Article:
If Tex Mex is more your thing you’ve come to the right city, and there’s a memorable meal waiting for you at Mi Tierra no matter what time of day or night you want to tuck in. Open 24 hours a day the restaurant is filled with vivid colours, including bright pinks, reds, yellows and greens everywhere from the doors and walls to the decorations on the tables and the piñatas overhead.
A family business for 76 years, Mi Tierra pays tribute to mariachi bands with an entire bar dedicated to the music, instruments, and costumes. A mariachi harp and traditional uniforms are among the displays in glass cases, and every night between 10pm and 2am mariachi bands play in the bar. On one wall photos of famous customers including Presidents Reagan, Bush Senior and Clinton are displayed, including Clinton wearing his Mi Tierra t-shirt that he wore jogging in Texas and beyond.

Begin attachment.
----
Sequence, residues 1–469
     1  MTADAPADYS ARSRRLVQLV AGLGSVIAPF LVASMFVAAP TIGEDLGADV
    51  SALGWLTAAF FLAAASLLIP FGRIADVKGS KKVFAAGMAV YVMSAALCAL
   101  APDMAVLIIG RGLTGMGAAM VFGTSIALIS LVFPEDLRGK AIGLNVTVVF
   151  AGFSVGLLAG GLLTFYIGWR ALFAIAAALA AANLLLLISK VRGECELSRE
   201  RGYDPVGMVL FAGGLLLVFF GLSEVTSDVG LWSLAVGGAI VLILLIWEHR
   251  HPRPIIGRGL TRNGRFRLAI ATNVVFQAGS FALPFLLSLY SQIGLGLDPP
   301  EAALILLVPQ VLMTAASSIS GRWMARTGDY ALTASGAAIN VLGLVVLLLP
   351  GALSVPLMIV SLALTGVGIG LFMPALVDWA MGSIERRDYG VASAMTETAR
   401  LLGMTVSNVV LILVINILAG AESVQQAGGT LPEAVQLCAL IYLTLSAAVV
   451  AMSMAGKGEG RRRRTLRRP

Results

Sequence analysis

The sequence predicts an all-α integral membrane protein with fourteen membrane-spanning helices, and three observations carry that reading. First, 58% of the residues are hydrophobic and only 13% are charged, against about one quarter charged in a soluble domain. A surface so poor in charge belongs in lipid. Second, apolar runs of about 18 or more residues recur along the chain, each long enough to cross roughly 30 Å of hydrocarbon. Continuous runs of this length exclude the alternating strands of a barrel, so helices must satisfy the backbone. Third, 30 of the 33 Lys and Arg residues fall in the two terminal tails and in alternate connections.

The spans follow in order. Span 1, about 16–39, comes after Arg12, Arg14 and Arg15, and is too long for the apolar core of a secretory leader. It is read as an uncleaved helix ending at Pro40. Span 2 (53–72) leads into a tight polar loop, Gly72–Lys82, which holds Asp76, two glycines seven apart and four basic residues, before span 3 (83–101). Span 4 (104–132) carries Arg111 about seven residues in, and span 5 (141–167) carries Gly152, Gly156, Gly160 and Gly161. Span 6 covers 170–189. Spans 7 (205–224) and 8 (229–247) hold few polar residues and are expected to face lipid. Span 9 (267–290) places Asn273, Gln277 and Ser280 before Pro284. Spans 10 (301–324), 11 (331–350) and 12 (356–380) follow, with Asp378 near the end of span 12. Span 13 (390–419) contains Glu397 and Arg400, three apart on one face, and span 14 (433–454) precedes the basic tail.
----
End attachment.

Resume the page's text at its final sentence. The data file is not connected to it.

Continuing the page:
But it’s the walls in the back dining room that shouldn’t be missed. What started 25 years ago as a mural honouring Mexican labourers and farmers has become a wall – or rather, walls – of fame. Since taking over from the original artist 16 years ago, Robert Ytuarte has taken the number of influential Latinos on the walls to more than 100, with politicians, entertainers and business people sharing the mural with the members of La Familia Cortez, the family that owns Mi Tierra. A regular at the restaurant, Ytuarte smiles and shows us his own image on the wall, before explaining that it usually takes him two days to paint a new portrait in between answering questions from diners who are eating while he works.